It's whale season again, both in the Bay and along the NorCal coast, and unfortunately that also means it's dead whale season — and a deceased gray whale washed ashore at Crissy Field on Wednesday morning.
As KPIX reports, the whale was promptly towed across the Bay to Angel Island where it will be necropsied by the Marine Mammal Center. The whale was first spotted this morning near the Golden Gate Bridge — and it follows closely on an early humpback whale sighting two weeks ago.
The tow operation happened with an assist from the Army Corps of Engineers, as NBC Bay Area reports.
A dead whale that washed up at Crissy Field in San Francisco was towed to Angel Island for a necropsy, officials said. https://t.co/PnTf0N8Ypk— NBC Bay Area (@nbcbayarea) March 31, 2021
(1/3) This morning, Wednesday, March 31, our experts briefly responded to a gray whale carcass that washed ashore at Crissy Field in San Francisco.— The Marine Mammal Center (@TMMC) March 31, 2021
With so many whales in the ocean these days and the consequent lack of available food, there's been a spate of dead whales washing ashore in recent years.
The increasing whale population in the Pacific is both good news and bad news, as we've seen, though whale experts have not been too certain about what the trend in whale deaths really indicates locally. Malnutrition has been the cause for some of the deaths, but ship strikes are another, and these are especially common in heavily trafficked parts of the water like the Golden Gate and San Francisco Bay.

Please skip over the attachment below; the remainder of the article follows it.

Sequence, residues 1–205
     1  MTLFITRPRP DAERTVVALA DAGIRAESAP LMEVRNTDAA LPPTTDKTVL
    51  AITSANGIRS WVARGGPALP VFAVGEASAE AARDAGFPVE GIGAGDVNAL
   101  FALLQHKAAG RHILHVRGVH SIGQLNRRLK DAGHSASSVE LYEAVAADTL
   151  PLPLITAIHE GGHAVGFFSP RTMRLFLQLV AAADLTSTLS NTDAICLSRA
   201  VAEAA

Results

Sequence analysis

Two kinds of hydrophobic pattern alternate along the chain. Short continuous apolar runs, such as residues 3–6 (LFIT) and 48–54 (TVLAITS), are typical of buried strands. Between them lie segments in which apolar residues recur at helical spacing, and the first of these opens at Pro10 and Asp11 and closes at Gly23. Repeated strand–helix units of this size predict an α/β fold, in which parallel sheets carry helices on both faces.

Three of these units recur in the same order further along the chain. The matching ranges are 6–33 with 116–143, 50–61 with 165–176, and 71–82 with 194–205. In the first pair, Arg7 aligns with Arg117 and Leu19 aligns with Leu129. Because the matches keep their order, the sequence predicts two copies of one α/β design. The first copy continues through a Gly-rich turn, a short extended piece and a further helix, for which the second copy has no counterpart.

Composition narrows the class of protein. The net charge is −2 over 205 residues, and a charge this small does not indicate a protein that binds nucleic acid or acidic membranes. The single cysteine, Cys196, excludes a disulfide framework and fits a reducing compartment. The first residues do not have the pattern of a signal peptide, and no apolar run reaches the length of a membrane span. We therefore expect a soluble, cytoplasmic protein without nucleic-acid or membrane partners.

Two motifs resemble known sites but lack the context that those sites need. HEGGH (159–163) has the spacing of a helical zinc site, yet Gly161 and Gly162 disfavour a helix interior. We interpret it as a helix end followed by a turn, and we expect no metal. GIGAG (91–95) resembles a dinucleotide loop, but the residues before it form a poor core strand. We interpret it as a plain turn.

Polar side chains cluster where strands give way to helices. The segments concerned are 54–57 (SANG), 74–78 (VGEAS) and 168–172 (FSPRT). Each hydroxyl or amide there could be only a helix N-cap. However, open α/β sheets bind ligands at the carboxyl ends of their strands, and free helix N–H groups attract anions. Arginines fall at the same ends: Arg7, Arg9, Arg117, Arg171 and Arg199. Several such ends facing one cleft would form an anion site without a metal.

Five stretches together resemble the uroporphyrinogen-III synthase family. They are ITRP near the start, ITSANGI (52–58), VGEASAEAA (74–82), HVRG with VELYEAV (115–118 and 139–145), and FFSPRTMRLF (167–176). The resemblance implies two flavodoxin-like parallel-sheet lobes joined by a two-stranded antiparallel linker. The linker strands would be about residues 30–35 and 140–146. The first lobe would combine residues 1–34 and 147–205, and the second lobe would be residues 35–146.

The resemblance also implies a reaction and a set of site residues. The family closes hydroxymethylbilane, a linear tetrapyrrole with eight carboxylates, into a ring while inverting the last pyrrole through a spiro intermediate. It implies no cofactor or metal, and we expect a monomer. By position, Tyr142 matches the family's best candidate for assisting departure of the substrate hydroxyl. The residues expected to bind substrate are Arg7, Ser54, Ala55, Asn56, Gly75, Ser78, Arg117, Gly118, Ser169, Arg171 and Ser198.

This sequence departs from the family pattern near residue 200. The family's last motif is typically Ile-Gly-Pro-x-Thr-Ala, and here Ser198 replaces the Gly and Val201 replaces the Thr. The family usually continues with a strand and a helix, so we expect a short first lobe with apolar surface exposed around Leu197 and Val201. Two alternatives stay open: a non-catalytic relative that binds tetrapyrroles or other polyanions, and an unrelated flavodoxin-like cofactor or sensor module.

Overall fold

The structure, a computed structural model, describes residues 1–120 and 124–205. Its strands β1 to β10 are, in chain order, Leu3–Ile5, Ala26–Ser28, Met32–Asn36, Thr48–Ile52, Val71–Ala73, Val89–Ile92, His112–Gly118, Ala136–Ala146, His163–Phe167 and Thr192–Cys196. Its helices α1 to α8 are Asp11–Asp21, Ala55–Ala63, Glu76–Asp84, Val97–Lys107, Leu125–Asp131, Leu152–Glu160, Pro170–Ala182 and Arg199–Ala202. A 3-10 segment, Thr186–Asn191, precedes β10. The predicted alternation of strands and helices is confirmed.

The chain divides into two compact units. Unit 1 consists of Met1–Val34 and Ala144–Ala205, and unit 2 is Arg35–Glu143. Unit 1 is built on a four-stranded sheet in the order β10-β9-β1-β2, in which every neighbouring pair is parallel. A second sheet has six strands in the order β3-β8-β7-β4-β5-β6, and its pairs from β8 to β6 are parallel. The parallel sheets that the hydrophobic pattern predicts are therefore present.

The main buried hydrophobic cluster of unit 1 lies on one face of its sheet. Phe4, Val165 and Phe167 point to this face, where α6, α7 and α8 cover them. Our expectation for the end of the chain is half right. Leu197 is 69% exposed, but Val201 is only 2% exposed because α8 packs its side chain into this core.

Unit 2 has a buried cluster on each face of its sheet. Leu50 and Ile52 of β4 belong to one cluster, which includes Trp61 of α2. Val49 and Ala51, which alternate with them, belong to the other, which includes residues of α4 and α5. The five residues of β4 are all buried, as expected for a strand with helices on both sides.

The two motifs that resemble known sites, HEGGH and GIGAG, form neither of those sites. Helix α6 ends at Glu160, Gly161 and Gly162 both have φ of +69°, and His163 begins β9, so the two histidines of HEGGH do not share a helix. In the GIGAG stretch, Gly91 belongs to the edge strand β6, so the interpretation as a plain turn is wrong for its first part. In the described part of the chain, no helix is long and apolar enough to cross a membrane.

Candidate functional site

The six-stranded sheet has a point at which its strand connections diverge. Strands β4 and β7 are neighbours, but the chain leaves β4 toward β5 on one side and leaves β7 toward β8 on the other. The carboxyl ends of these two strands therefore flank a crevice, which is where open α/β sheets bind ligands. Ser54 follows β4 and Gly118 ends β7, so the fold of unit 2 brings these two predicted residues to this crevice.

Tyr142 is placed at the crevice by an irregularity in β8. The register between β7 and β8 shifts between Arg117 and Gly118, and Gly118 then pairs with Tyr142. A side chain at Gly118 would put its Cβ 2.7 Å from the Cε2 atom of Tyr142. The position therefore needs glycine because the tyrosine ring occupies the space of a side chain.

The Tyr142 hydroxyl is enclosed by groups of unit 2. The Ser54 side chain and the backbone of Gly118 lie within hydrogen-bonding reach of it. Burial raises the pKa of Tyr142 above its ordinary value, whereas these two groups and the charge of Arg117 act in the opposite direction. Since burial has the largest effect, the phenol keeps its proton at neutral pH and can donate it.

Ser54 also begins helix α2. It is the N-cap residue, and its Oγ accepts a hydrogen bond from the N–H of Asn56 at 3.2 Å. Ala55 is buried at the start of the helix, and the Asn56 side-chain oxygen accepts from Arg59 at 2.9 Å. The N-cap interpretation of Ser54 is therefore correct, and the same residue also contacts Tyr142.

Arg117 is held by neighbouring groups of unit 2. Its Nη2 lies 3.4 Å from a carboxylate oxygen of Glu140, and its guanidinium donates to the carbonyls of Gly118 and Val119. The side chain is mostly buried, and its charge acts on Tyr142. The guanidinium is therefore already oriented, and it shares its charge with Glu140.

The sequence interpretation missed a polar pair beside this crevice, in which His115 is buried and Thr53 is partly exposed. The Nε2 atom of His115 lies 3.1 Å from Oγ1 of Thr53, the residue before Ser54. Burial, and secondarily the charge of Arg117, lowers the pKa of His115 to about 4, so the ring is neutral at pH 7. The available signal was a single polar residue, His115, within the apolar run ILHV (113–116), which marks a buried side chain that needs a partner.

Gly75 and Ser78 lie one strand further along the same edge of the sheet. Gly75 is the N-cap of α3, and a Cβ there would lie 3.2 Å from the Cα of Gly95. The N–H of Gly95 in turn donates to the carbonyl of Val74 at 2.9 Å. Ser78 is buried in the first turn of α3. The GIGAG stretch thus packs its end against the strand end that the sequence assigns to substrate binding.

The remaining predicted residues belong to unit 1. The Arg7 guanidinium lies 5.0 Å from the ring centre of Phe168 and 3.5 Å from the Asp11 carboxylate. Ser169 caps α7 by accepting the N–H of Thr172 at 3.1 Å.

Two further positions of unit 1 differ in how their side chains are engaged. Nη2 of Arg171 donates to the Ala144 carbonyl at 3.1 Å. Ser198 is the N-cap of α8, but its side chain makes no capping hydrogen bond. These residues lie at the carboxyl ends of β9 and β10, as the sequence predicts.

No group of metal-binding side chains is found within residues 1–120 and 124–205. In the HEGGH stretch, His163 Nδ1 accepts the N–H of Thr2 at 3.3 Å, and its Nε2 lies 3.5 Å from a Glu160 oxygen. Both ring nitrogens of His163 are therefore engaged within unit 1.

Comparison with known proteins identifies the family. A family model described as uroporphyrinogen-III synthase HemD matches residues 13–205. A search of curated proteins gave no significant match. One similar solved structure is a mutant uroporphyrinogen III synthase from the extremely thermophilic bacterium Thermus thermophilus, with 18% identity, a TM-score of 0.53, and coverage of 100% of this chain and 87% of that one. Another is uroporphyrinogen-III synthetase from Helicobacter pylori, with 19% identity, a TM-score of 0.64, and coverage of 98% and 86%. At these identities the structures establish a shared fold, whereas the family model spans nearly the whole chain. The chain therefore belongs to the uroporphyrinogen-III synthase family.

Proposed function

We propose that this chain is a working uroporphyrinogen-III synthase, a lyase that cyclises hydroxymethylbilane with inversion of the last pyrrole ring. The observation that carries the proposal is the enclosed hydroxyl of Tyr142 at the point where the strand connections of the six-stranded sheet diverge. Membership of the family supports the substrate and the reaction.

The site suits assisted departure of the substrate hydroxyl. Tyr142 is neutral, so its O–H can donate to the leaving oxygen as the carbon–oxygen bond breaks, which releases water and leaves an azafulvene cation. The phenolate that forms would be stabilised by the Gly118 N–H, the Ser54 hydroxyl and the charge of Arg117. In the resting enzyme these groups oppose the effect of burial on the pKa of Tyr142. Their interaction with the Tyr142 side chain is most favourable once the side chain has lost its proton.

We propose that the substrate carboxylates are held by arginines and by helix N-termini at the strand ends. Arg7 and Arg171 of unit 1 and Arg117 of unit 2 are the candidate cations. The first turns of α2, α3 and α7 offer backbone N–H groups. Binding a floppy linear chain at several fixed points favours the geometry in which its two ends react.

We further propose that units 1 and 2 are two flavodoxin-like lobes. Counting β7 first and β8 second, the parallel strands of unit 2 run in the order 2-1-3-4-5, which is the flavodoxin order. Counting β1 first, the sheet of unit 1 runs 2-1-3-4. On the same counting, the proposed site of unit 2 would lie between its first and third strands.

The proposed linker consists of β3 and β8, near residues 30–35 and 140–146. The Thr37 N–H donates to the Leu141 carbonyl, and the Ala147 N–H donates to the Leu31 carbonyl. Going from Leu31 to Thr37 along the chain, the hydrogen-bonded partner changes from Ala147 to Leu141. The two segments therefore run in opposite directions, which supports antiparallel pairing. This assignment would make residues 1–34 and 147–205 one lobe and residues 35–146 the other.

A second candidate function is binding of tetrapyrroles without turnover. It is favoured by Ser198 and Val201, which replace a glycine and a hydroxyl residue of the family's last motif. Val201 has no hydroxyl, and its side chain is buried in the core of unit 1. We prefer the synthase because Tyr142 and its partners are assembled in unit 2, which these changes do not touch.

Springtime appearances by both gray and humpback whales in the Bay have been increasingly common in recent years, something that experts have attributed to both the movements of schools of anchovies — which humpbacks eat — and whales searching for new food sources because of competition. Gray whales are opportunistic eaters, as this Oregon whale watching outfit explains, which means they'll eat from "a wide range of sources," however they prefer eating tiny crustaceans like mysid shrimp, which are also commonly found in the upper Bay and Delta.
Boaters and kayakers need to be extra-vigilant out on the Bay, because a whale coming to the surface to breathe or to breach could be a major hazard — and boats could also potentially injure the whales.
We didn't hear of quite as many washed up whale carcasses in 2020, but in the spring of 2019, there were at least nine dead gray whales found on beaches around the Bay Area.
The whales are currently on their migration north toward Alaska for summer feeding.
If members of the public see a marine mammal in distress, The Marine Mammal Center asks that they call their 24-hour hotline at 415-289-7325.
Photo: Cedric Letsch